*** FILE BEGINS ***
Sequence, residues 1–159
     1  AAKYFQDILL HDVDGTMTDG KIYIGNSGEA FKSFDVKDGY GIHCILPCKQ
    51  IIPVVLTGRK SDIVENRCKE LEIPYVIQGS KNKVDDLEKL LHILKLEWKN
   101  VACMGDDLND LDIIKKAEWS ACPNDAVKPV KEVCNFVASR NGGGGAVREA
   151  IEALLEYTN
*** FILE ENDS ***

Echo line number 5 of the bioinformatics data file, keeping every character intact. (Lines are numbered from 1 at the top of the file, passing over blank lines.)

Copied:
   151  IEALLEYTN